0935 The sun is once again full. I get chills just thinking about what we witnessed. Throughout the day all I will keep saying “did you see that?” “No, really, did you see-ee THAT?” “How amazing was that?” However, whenever I try to record the experience I get seasick. An enforced day for recollection and contemplation.
1346 I finally bring myself to connect the computer to satellite phone and check emails. There are TWENTY incoming messages, mostly from my sister-in-law but ably supported by Stefan and my brother, with a blow-by-blow account of the World Cup Final. Reading them out-loud to Andy we experience the game vicariously and, it seems, a lot less painfully than had we watched in real-time. Clearly the right choice was made. Congratulations to Spain.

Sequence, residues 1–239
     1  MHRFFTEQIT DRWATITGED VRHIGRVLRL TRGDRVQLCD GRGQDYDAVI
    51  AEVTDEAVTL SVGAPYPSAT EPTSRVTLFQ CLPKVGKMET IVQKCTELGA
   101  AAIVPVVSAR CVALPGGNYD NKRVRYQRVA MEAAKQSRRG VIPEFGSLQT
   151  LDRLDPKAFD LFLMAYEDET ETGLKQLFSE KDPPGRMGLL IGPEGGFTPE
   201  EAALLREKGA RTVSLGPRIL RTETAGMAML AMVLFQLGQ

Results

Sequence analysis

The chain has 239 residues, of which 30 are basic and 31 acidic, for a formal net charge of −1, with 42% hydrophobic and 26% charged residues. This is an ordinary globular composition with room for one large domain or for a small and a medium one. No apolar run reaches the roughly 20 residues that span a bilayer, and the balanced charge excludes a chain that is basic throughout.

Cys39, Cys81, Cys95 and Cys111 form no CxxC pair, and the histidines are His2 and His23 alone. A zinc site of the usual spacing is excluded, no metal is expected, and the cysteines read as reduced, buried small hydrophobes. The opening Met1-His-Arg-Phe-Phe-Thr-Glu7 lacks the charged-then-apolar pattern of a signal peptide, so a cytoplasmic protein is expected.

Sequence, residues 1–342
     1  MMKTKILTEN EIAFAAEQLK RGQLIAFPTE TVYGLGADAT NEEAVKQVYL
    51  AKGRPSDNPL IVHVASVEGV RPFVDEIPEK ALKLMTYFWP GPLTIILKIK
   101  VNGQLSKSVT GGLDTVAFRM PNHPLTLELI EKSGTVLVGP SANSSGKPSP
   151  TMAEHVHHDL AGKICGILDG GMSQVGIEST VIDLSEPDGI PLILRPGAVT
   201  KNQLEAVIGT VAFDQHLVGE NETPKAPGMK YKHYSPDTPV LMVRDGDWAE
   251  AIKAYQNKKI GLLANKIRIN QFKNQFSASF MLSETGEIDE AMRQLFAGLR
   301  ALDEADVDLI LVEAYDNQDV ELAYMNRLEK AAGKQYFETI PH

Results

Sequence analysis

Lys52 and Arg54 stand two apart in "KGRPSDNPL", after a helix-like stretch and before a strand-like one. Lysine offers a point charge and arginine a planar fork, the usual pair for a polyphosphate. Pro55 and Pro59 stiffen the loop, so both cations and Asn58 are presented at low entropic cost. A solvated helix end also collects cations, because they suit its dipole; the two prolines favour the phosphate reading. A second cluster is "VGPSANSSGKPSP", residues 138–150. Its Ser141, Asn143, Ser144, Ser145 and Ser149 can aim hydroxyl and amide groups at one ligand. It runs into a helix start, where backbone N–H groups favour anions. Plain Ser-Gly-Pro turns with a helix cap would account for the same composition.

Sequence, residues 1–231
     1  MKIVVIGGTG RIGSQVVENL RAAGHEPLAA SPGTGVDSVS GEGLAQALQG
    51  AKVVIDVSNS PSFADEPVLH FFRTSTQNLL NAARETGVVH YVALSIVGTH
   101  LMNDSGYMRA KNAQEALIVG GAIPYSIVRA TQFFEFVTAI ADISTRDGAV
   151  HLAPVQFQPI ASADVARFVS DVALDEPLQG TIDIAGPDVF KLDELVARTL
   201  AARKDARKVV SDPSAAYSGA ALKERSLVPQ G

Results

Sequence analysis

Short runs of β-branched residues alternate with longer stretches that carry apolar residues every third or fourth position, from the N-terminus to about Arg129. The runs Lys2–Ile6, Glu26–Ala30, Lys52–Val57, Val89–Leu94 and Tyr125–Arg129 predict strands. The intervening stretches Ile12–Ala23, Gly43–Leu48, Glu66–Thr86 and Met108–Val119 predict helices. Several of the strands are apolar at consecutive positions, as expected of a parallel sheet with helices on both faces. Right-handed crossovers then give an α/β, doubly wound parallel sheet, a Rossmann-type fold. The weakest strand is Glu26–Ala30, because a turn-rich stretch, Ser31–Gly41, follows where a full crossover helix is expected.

Evening. The sail to Huahine proves to be hard work, but the reason noble. Passing Moorea seems to take hours, and we’re both really tired. Unlike for longer passages in the past, we had made no special preparation for this two-night journey. No pre-cooked spladge that’s easy to reheat and eat, no attempt to rest the body before-hand. In fact, we hadn’t even given the sailing a second thought. We definitely hadn’t accounted for the fact that the first three days are always the hardest, and that the seas might not be welcoming. I guess it’s the knowing that it will all be over soon that makes you not worry too much. Like the night in the hut.
Monday July 12th, 5pm, we drop anchor in Huahine. Hooray, we did it. It was great. In celebration of our second anniversary we drink a bottle of wine. Not long after, we collapse.